Turkey bars YouTube after Greek jibes

Tony Grew March 8, 2007
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The centuries-long feud between Turkey and Greece took a technological turn yesterday.

Internet video hosting site YouTube has become the latest battleground for patriots from the two neighbouring countries to trade insults.

However, a video posting alleging that all Turks are gay, as was the modern Republic’s beloved founder, Ataturk, proved too much.

Turks are devoted to the memory of Ataturk, and slandering his name is punishable by imprisonment.

The febrile Turkish press has pounced on the story of Greeks posting insulting YouTube videos as yet another example of their neighbour’s villany, and demanded that something be done.

A court in Istanbul banned the YouTube website, and the country’s largest telecoms company, TurkTelecom, complied.

Anyone trying to access the site from Turkey instead finds a message telling them that a court has blocked them from seeing it.

“We are not in the position of saying that what YouTube did was an insult, that it was right or wrong,” a spokesman for TurkTelecom told Anatolia news agency.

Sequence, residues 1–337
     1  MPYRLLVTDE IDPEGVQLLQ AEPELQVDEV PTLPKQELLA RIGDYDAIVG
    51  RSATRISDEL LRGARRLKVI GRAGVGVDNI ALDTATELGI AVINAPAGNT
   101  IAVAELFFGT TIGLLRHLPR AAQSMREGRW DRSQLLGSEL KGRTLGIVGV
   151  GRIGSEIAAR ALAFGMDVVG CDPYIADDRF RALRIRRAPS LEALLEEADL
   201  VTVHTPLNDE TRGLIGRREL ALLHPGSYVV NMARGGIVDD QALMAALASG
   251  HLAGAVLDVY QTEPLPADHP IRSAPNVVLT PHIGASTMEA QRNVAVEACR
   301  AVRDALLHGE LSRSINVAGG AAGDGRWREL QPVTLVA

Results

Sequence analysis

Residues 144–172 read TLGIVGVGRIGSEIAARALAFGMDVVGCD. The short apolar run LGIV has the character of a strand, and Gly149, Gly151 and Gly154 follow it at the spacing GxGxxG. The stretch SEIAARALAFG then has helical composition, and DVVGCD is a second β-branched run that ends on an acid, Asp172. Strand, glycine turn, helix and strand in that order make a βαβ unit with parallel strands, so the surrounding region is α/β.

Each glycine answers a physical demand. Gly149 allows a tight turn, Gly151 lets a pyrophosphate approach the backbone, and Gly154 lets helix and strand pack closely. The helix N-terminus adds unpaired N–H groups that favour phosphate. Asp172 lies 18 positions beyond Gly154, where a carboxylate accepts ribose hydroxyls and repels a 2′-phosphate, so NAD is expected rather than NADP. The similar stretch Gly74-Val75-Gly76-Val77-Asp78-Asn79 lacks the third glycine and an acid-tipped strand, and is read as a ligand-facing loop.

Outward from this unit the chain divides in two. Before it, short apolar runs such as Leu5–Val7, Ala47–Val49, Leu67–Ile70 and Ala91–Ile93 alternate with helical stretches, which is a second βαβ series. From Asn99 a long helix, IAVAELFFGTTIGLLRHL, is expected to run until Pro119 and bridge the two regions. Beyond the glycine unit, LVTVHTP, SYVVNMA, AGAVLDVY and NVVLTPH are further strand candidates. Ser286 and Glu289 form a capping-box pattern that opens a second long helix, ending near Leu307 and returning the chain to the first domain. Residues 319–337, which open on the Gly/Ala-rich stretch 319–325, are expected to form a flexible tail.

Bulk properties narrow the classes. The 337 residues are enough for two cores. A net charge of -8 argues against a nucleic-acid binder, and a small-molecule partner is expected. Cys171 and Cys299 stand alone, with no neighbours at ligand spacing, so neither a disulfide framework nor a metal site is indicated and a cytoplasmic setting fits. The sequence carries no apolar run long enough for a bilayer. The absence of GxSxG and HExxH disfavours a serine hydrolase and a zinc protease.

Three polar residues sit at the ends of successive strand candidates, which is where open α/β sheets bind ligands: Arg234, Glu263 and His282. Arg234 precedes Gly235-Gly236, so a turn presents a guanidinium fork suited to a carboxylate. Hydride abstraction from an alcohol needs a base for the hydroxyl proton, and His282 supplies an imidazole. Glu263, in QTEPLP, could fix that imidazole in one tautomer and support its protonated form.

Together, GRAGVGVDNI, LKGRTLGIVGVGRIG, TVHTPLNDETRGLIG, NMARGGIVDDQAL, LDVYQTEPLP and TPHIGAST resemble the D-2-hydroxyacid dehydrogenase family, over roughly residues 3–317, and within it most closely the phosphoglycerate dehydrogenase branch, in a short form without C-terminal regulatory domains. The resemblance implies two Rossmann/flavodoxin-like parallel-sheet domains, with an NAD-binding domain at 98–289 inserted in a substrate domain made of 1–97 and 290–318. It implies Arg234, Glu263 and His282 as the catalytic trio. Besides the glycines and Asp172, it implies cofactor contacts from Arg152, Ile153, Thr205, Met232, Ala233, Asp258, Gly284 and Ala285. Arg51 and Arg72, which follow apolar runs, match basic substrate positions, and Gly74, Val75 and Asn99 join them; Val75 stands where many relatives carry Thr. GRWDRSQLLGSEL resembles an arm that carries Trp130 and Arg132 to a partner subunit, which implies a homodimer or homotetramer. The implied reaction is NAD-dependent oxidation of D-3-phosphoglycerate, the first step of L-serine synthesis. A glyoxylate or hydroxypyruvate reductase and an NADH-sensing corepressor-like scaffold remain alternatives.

“A court decision was proposed to us, and we are doing what that court decision says.”

Turkish courts have a history of banning things, including gay material.

An issue of the country’s only gay magazine was banned last July.

Judge Tekman Savas Nemli decided on the confiscation and seizure of Kaos GL after Republican Prosecutor Metin Sezgin claimed the content breached “general morality.”

The issue contained a feature in which pornography is questioned and contributed by the figures who are experts in their fields.

The decision of the Ankara Chief Republican Prosecutor’s Office Press Crimes Investigation Bureau uses the expression that some texts and pictures are against “protection of general morality”.

Turkey’s gay and lesbian magazine had been published regularly since September 1994.

A recent poll conducted by the Open Society Institute and Istanbul’s Bogazici University found that three quarters of Turks disapprove of gays and lesbians

As part of its application for membership of the European Union, Turkey is expected to allow greater rights including freedom of speech and press and greater rights for the gay community.

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